ditional facilities for friendly intercourse, the benetlts
realized will be equal and mutual. Of tho com
plicated European systems of national polity we
have heretofore been independent. From their wars,
their tumults and anxieties, we have been, happily,
almo?t entirely exempt. Whilst these are con
fined te the nations which gave them existence, Land
within their legitimate jurisdiction, they cannot affect
us, except as they appeal to our sympathies In the cause
of human freedom and universal advancement But tho
vast interests of commerce are common to ail mankind,
and the advantages of trade and international intercour.o
must always present a noble field for the moral lnflucnco
of a great'ptople.
With these view* firmly anil honestly carried out, we
have a right to expect, and shall under all circumstance)
require, prompt reciprocity. Tlie rights which belong t?
us an a nation, are not alone to be regarded, but those
which JiMtftln to every citizen in his Individual
capacity, at home and abroad, must bo saoredly
maintained. So long an he can discern every
star in its place upon that ensign, without
wraith to purchase for him proferment, or title to secure
for him place, it will lie his privilege, and must be bis
acknowledged right, to stand unabashed even in the pri*
sence of princes, with a proud consciousness that he i I
himself oive of a nation of sovereigns, and that lie can
not, in legitimate pursuit, wander so far from homo
that the agent whom he shall leave behind in the placo
which I now occupy will not see that no rudn hand of
power or tyrannical passion is laid upon him with
impunity. He must realize that upon every sea, and on
every soil, where our enterprise mar rightfully seek the
protection of our Hag. American citizenship is an invio
lable panoply for the security of American rights. And,
in this connexion, it can hardly bo necessary to re aflinn
a principle which should now be regarded as fundamen
tal. The rights, security, and repose of this Confederacy
reject the idea of interference or colonization on this
side of the ocean by any foroign power, beyond present
jurisdiction, as utterly inadmissible.
The opportunities of observation furnished by my
brief experience as a soldier, confirmed in my own mind
the opinion entertained and acted upon by others from
the formation of the government, that the maintenance
of large standing armies in our country would be not
only dangerous, but unnecessary. They aUo illustrated
the importance ? I might well say the absolute
necessity? of the military science and practical skill
furnished in such an eminont degree by the
institution which ha* made your army what it
is, under tho discipline and instruction of officers
not more distinguished for their solid attainments,
gallantry, and devotion to the public service, than^
for unobtrusive liearlng and high moral tone. The .
army, as organited, must be the nucleus around which
in everj tlmo of need the strength of your military
power, the sure bulwark of your defetce? a national mi
litia? may be readily formed into a well disciplined and
efficient organization. And the skill and self devotion of the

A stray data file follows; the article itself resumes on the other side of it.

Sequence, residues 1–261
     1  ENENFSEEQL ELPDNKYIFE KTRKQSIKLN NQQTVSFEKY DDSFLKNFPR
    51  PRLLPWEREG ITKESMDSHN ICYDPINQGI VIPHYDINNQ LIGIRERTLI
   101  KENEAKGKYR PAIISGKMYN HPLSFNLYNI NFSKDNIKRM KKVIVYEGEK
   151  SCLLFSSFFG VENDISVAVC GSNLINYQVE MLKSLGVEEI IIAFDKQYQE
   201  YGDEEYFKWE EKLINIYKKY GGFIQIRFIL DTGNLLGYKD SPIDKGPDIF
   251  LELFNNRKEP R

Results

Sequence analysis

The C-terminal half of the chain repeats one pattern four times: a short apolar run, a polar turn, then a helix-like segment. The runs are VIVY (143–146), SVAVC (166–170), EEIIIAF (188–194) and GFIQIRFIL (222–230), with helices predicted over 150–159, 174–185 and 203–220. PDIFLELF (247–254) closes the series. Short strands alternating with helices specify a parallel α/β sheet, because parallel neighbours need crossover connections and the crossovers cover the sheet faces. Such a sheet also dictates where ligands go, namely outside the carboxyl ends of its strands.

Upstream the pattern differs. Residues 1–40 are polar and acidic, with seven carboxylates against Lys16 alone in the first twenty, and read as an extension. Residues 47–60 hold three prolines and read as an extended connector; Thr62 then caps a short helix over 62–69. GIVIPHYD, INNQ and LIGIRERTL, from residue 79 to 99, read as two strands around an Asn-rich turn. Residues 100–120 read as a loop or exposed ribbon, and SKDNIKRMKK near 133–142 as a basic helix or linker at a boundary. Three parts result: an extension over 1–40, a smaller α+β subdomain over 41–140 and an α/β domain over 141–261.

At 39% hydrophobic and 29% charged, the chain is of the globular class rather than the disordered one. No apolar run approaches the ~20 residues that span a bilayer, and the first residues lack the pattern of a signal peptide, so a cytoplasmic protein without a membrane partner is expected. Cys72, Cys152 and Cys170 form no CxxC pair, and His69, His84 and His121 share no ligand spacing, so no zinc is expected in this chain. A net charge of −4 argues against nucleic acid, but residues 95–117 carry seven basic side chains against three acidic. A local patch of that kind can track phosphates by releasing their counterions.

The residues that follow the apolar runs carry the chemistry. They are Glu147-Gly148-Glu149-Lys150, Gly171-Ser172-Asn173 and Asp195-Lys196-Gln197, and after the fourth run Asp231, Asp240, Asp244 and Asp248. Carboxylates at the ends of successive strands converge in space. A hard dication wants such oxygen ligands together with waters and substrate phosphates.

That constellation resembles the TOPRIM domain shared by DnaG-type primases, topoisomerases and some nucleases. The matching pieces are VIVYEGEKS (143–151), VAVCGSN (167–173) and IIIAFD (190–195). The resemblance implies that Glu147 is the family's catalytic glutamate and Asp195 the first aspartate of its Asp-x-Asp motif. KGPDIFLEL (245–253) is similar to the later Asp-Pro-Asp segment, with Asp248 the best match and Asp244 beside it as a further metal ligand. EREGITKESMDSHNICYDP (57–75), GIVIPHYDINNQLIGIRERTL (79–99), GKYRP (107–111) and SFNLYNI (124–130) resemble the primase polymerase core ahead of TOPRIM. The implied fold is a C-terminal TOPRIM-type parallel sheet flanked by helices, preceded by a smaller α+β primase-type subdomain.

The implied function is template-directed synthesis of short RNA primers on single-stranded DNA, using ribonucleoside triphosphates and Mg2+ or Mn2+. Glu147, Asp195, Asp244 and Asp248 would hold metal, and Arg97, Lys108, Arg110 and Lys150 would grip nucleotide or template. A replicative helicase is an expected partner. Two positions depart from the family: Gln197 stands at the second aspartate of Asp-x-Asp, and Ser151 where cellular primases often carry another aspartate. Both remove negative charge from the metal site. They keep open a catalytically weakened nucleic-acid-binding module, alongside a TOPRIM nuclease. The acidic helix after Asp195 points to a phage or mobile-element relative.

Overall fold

navy assure yon that you may t ke the performance Of
the pnst as a pled ge for the future, and may confidently
expect that the flaj which has waved its uaUrnUked
fold* over every sea will still float in undiminished honor.
Rut tlieiw, like man/ other subject*, will be appropriate
ly brought at a future time ti the attent on of the co
ordinate branches of the government, to wliick I shall
always look with profound respect, and with trustful con
fidence that they will accord to me the aid and support
which I shall so much need, and which their experience
and wisdom will readily suggest.
In the administration of domestic affairs you expect
a devoted integrity in the public service, and an obser
vance of rigid economy in all departments, so marked as
never justly to be questioned. If this reasonable
expectation be not realized, I frankly confoss that one
of your Uading hopes is doomed to disappointment,
1 and that my efforts, in a very important par
ticular, muBt result in a humiliating failure. Offices
can be properly regarded only in the light of aids for the
?CC< ?n,j'H*hiuent of these objects; and as occupancy can
cont'd' no prerogative, nor importunate dosire for prefer
ment any claim, tho public interest imperatively demands
that they be considered with sole reference to
the duties to be performed. Good citizens may
well c'aim the protection of good laws and tho
benign influence cf good government ; hut a claim
for office is what the people of a republic ihould never
recognise. No reasonable man of any party will expect
the administration to bo so regardless of its responsibility.
ar.d of the obvious elements of success, as to
retain persons known to be unds r the influence
of political hostility and partisan prejudice, in positions
which will require not only severe labor, hut cordial
co operation. Having no implied engagements to
ratify, no rewards to bestow, no resentments to remem
ber. and no personal wishes to consult, in selections for
official station ? I shall fulfil this difficult and delicato
trust, admitting no motive as worthy either of my cha
racter or position whioh does not contoinplato an effi
cient discharge of duty and the best Interests of my
country. I acknowledge my obligations to the was
tes of my countrymen, and to them aloue. Higher
object* than personal aggrandizement gave direction
?nd energy to th?ir esertions in the late canvass, and
they shall not be disappointed. They require at my